A final point before I give a couple of examples of how I use OneNote. As mentioned earlier, I am still a novice at this academia thing, and even more so as a OneNote user. I have made plenty of mistakes with how I set up my Notebooks/Sections, and some of the pictures from OneNote were terrible to start with, but, as with most things digital, you can fix it! The options are endless: move things around, edit photos, try different ways to take notes, and maximise the connectivity between OneNote, Excel, Word and Outlook. Rest assured I have made all the mistakes, but you get better with practice. I know it is hard to change systems halfway through a project, but my suggestion is that if you have something small you are about to start, and are a little curious, then give OneNote or one of the other options a go. You might be pleasantly surprised!
My OneNote setup
I have five Notebooks within my OneNote ‘filing cabinet’. One each for University matters (training/teaching/planning), Secondary Sources, Primary Sources, PhD Theses and Monographs, and my Honours work from last year (I have transferred some of this across). Each of these are broken into either topic, themes, authors, departments- whatever is most suitable.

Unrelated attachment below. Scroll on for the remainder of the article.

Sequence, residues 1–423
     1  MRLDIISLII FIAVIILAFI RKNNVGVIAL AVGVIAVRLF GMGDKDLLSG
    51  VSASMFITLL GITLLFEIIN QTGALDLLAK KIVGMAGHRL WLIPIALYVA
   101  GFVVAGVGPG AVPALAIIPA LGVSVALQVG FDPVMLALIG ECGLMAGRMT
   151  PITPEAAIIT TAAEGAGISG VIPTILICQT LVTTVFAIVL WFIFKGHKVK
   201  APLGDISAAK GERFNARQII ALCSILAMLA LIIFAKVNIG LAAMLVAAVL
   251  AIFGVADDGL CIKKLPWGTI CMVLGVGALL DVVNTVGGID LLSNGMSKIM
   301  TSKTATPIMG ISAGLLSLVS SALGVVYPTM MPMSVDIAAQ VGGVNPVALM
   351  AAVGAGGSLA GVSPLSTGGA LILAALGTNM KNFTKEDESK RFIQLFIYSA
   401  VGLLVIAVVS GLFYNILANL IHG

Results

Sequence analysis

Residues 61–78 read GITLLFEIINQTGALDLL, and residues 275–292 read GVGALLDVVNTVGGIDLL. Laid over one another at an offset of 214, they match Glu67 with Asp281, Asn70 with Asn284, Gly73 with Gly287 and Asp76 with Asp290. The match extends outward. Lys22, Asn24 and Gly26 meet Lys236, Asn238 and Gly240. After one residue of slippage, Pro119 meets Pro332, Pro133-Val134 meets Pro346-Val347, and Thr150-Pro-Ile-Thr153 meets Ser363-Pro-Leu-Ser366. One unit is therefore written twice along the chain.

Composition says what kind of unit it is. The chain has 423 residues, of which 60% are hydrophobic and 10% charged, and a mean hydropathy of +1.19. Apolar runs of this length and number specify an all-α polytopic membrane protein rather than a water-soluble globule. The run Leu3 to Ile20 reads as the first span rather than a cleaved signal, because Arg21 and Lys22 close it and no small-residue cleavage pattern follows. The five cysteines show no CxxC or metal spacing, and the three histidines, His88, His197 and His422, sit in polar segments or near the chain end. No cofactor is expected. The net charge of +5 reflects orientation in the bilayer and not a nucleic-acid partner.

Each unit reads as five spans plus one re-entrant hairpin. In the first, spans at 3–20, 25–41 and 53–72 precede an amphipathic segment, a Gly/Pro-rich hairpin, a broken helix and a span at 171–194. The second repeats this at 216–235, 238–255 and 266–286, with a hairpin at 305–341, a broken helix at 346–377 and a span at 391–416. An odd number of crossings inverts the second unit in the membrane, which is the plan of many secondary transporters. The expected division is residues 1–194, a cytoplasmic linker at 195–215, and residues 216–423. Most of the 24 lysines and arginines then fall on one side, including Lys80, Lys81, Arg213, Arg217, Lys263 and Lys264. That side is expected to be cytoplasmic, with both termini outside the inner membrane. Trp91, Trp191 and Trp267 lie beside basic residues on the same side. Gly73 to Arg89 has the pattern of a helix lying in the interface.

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Example: OneNote and Office Lens in the Archives
I was in Canberra in July and spent my time at either the National Archives or the National Library. My PhD is investigating Australian colonial development policies in Papua New Guinea in the post-war period. As an example, I will demonstrate how I recorded my research in the personal papers of Eddie Ward who was the External Territories Minister from 1943-1949. These papers are held at the National Library; and his papers for this period are contained within two archival boxes (or 18 folders).
My primary sources Notebook is divided into Sections categorised by institution (National Archives, National Library, PNG Archives and so on). Within each Section I have the same sub-sections: broken into themes and departments (development, Territories department, administration and so on). However, at the next level, sub-sections, I change to suit the circumstances. That is, I mimic the arrangement of the papers as they are held in the repository. Further, OneNote has a tag system so that you can highlight the papers as potential material in chapters or articles.
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I like to think of my notebooks of like digging deeper and deeper into a large bag, and it has Tardis like qualities, because it is a lot bigger than it looks!